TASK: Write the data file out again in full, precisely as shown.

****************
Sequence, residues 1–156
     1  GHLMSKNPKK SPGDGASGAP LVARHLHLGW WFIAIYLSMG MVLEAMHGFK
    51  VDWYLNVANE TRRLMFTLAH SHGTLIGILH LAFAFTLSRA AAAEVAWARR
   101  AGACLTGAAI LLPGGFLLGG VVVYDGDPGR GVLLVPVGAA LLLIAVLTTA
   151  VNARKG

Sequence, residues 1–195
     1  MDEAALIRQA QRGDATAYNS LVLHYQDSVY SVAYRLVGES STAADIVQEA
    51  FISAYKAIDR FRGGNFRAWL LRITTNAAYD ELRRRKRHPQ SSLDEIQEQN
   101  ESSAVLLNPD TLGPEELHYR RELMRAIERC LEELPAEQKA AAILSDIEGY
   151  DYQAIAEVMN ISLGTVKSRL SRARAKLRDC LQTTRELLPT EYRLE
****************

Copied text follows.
Sequence, residues 1–156
     1  GHLMSKNPKK SPGDGASGAP LVARHLHLGW WFIAIYLSMG MVLEAMHGFK
    51  VDWYLNVANE TRRLMFTLAH SHGTLIGILH LAFAFTLSRA AAAEVAWARR
   101  AGACLTGAAI LLPGGFLLGG VVVYDGDPGR GVLLVPVGAA LLLIAVLTTA
   151  VNARKG

Sequence, residues 1–195
     1  MDEAALIRQA QRGDATAYNS LVLHYQDSVY SVAYRLVGES STAADIVQEA
    51  FISAYKAIDR FRGGNFRAWL LRITTNAAYD ELRRRKRHPQ SSLDEIQEQN
   101  ESSAVLLNPD TLGPEELHYR RELMRAIERC LEELPAEQKA AAILSDIEGY
   151  DYQAIAEVMN ISLGTVKSRL SRARAKLRDC LQTTRELLPT EYRLE